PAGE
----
At no point should parents’ love become blind, not to let the most horrible and unexpected things happen. A good example is a case of two Wisconsin girls who tried to kill their peer in 2014. The two 12-year-olds attacked their classmate, Payton Leutner, and stabbed the girl 19 times after having lured her into a remote park 20 miles away from their home place. Luckily, their victim survived the tragic incident. Both underages claimed they committed this crime to please a fictional horror character called Slender Man. Both girls were tried as adults, considering the felony, and they were imprisoned for long terms. Their sentence stipulated supervision and mental health treatment as well.
Knowing possible reasons can help parents understand better why do teenagers commit crimes, as well as make vital changes in their child’s upbringing routine and surroundings. Below you’ll find some but not the only possible reasons that may have the strongest impact on a child’s development.
- From their young age a kid witnesses scenes of home aggression, ill-treatment, violence, and parents constantly fighting with each other;
- Experiencing abuse in a kid’s early childhood – verbal, physical or sexual;
- Being neglected by parents, not getting enough of their attention and care;
- Divorce or separation of parents; loss of a family member.
Here are the signs that may indicate a teen possibly being involved in criminal behavior:
- Increased outbursts of anger and aggression;
- Lack of compassion for animals and humans;
- Substances abuse; graffitis or tattoos; wearing clothes of one style and of one-two particular colors;
- Substances abuse;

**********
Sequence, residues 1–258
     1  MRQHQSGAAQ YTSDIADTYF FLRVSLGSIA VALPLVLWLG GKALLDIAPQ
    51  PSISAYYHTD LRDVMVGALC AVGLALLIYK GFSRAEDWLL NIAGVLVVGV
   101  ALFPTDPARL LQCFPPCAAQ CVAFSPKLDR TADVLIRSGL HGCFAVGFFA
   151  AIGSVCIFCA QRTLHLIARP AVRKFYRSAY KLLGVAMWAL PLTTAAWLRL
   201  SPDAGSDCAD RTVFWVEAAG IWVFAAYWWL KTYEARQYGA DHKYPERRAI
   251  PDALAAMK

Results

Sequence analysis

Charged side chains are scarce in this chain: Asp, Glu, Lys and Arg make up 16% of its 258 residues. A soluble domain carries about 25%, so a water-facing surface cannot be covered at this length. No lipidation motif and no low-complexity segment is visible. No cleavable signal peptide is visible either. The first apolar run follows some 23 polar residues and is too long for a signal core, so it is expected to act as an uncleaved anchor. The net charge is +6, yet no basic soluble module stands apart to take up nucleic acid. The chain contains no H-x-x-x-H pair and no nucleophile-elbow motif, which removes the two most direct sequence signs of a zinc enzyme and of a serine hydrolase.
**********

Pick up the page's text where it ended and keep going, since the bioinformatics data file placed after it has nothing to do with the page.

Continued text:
- Fascination with weapons, possessing a weapon, carrying it around;
- Damaging and setting things on fire in outbursts of aggression;
- Missing school, breaking the curfew;
- Social isolation, withdrawal from family and usual activities, changes in sleep, diet, and daily routine; changes in surrounding, becoming friends with juvenile delinquents;
- Attempts of suicide and self-damage;
- Deterioration of mental health, depression.
When spotted one by one, these signs may not specifically speak for a teen having hidden criminal life. However, a combination of several of these signs should definitely put parents on the alert.
If you find out that your child is already involved in some kind of criminal activity, most sure your first impulse would be to do anything to save them from facing the consequences, including criminal liability. However, sometimes letting a young person go through the aftereffects of their behavior is the hardest but also the best decision parents can make. You can’t control your child’s actions; neither can you be responsible for them. Sometimes you need to motivate your kid by making them uncomfortable with their own behavior to help them change.
Yet, the best you can do is to prevent problems at the very source. Ensuring your child is growing up in a healthy and friendly family atmosphere is one of the vital things to do. Become a positive role model for them, develop a trusted relationship, be involved in their world and learn their surroundings. Encourage your child’s academic success, make their leisure exciting and engage them in extracurricular activities. Help them to find a first part-time job. Teach your teen to withstand peer pressure. After all, love of parents, their devotion, and care is all your child needs.